Who Cares About the Paris Air Show?

When you think of air shows, you probably think of a warm summer day, some cool flying demonstrations to show off military might, and a few static displays of airplanes to walk through. That’s the core of any air show, but for the premier airshows in the world, that’s more of a side distraction than anything else. This week is the biennial Paris Air Show, and what you see happening in the air and on the ground is just fluff. This show is all about doing deals behind the scenes.

Air Show Aircraft Sales

Paris and Farnborough (in the UK) take turns being the premier air show every other year. This year, it’s Paris. There are definitely some very cool flying demos, including the A380 (despite yet another wingtip mishap that almost scrubbed the flight) and a bunch of military flights as well. Why do they bother? They’re trying to get sales. Some airlines, aircraft manufacturers, and suppliers like to hold out to make a big splash at an air show with a big order.

This has never made sense to me. If I were ordering some airplanes, I’d rather tell the manufacturer to save all that wasted money thrown into air show displays and pass the savings along to me. But that’s not how it works. Instead, everyone goes and hangs out in the individual company “chalets” and has a grand old time. During leaner years, the smiles are few and far between, but so far we’re off to a hot start in Paris with almost 300 aircraft orders on the first day alone.

Take a look at some of the aircraft orders that have been announced so far. These are just aircraft orders. There are plenty of other deals with suppliers for a variety of other things as well.

  • Air Lease, the new big aircraft lessor started by former ILFC chief Steven Udvar-Hazy signed up for 50 of the next generation Airbus A320neos with options for 11 more down the road. The company also ordered 20 Boeing 737-800s with 4 options, 11 Airbus A330s, 5 Boeing 777-300ERs, 5 Embraer 190s, 4 Boeing 787-9s, 1 lonely Airbus A321, and a partridge in a pear tree. All of these will be leased out to different airlines.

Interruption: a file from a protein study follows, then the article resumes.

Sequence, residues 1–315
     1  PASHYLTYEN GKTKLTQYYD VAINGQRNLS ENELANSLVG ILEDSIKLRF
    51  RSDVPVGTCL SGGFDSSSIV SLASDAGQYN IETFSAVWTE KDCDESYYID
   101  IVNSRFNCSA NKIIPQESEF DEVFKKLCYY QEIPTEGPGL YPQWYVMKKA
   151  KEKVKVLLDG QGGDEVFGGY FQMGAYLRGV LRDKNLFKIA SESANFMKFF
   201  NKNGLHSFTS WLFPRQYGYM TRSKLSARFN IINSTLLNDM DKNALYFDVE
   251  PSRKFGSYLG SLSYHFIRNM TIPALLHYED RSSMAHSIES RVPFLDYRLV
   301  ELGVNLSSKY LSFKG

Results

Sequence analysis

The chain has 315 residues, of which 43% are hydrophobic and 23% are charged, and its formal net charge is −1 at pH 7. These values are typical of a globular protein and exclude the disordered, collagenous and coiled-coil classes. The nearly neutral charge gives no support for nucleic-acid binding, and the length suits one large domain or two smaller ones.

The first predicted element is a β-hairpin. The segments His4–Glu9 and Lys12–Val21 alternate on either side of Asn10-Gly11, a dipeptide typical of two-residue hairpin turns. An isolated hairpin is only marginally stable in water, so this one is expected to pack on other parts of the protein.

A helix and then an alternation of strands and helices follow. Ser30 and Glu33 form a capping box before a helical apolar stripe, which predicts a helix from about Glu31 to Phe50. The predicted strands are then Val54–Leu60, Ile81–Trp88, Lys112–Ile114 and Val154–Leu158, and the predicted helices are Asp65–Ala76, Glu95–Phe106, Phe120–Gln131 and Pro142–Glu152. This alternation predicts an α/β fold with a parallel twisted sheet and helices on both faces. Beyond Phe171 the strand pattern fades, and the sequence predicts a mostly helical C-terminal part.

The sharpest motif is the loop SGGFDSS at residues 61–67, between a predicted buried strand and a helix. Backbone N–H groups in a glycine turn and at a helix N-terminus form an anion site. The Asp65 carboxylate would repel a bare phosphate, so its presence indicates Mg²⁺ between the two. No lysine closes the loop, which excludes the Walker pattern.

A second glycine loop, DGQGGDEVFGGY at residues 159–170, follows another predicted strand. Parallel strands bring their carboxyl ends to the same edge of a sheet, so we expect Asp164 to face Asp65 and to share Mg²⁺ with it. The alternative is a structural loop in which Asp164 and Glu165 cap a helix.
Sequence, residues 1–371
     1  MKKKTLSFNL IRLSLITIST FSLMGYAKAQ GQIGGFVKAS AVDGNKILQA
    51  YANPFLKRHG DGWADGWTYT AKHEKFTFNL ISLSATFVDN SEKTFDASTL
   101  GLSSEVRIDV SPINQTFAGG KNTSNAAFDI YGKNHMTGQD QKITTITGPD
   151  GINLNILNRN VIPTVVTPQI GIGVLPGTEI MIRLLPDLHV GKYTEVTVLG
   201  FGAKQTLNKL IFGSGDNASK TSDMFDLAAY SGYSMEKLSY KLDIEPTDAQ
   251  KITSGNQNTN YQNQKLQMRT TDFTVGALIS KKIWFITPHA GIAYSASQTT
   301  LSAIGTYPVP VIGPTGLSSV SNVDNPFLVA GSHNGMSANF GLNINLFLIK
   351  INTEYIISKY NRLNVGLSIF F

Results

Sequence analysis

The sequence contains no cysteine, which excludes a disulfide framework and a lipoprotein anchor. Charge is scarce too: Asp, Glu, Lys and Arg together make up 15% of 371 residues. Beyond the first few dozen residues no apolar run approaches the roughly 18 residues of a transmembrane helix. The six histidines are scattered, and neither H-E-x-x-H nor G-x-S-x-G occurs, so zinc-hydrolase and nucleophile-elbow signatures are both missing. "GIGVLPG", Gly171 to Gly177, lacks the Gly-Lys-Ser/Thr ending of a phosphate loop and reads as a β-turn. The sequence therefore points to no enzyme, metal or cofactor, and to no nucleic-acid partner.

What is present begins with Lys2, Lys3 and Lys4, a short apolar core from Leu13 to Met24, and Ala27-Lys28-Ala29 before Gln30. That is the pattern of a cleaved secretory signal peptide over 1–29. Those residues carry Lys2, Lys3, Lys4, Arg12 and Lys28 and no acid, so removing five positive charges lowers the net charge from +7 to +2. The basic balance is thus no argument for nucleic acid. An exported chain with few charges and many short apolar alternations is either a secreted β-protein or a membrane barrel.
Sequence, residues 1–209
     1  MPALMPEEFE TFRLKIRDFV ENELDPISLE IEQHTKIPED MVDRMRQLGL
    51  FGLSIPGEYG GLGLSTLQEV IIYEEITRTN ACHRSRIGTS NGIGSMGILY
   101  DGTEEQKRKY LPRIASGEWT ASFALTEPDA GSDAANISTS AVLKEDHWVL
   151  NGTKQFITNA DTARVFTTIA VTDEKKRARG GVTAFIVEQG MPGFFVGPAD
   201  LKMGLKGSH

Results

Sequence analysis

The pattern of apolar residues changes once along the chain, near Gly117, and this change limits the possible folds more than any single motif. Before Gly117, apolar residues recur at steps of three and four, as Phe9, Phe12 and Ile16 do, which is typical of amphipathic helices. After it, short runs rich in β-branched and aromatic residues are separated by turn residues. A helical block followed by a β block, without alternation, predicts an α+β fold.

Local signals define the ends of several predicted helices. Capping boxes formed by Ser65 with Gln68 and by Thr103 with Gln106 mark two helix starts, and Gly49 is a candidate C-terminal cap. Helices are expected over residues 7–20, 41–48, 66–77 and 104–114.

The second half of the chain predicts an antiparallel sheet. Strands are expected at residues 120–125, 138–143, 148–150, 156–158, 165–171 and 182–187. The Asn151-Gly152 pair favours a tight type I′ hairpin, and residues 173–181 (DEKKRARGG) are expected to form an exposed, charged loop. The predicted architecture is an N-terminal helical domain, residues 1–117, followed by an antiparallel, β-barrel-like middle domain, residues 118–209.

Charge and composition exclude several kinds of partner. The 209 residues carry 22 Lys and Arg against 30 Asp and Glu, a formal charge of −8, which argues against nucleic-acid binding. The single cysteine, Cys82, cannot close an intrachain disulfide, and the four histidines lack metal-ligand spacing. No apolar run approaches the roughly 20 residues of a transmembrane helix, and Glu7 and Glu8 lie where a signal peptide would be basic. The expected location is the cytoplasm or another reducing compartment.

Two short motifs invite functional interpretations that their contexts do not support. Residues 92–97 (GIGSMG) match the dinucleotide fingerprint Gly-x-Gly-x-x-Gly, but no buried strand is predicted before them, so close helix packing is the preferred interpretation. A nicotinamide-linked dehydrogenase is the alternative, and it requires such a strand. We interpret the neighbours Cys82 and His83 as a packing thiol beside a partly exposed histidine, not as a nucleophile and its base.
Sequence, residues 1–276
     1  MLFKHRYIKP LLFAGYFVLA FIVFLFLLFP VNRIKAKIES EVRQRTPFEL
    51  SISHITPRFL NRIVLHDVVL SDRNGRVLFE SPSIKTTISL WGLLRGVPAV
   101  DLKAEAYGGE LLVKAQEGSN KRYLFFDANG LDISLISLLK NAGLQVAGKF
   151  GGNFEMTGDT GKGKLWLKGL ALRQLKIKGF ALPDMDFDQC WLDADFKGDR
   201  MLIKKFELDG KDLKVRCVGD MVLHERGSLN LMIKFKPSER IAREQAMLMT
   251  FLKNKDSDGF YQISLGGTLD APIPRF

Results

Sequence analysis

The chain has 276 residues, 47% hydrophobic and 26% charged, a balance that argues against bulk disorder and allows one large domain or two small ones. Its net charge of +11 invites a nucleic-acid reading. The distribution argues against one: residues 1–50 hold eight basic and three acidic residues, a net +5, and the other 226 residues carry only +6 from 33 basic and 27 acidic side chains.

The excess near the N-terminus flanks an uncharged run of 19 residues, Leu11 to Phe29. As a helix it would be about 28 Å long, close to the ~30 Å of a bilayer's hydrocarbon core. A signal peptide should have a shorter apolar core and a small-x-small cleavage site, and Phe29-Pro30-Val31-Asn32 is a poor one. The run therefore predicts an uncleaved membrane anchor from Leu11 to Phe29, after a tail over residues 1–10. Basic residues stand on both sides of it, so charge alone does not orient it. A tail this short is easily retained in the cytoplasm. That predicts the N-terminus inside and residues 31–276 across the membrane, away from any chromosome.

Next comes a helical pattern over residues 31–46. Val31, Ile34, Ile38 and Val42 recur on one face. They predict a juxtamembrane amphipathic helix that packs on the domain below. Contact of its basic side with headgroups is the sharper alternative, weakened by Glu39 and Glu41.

• Aircraft lessor GECAS ordered 60 of the Airbus A320neos. It also picked up 15 ATR 72 turboprops with 15 options along with 2 Embraer 190s. Rumor has it we can expect 2 Boeing 747-8 freighters to be ordered today. As with Air Lease, these will all be leased out.
  • SAS out of Scandinavia ordered 30 of the Airbus A320neos and kept 11 options. SAS has struggled a lot lately, so hopefully they’re still around when it comes time to take delivery. These will replace the older MD-80s.
  • Sriwijaya Air (say that three times fast) ordered 20 Embraer 190s to fly around Indonesia along with another 10 purchase rights. What’s the difference between a purchase right and an option? I have no clue.
  • Kenya Airways ordered 10 Embraer 190s with options for 10 more.
  • Bombardier picked up an order for 10 of its new C-Series airplanes with 6 options from a mystery buyer. This will be a launch customer. So who is it? We don’t know, but we do know that Bombardier says it’s a “major network carrier.” I’m eagerly awaiting news of who that might be, but I can’t imagine it’s a US-based airline.
  • Boeing received one order for 15 of its 747-8s and another for two of the big birds. Who ordered them? It’s a secret. Again. While it wouldn’t surprise me if the two were for private owners, those 15 have to be for a major airline.
  • Qatar Airways picked up 6 777-300ERs. It loves making noise at air shows.
  • Saudi Arabian beefed up its A330 orderbook with four more.
  • Almost lost in the shuffle, Air Astana out of Kazakhstan ordered 2 Embraer 190s with 2 options.

If you’re at Paris this week, enjoy all that drinking and schmoozing. If you’re here at home and you’re interested in this kind of stuff, I would recommend following Flightglobal. Those guys have put together some great coverage on what really is a pretty mundane subject for anyone outside the industry.

[Original photo via Flickr user slasher-fun/CC 2.0]

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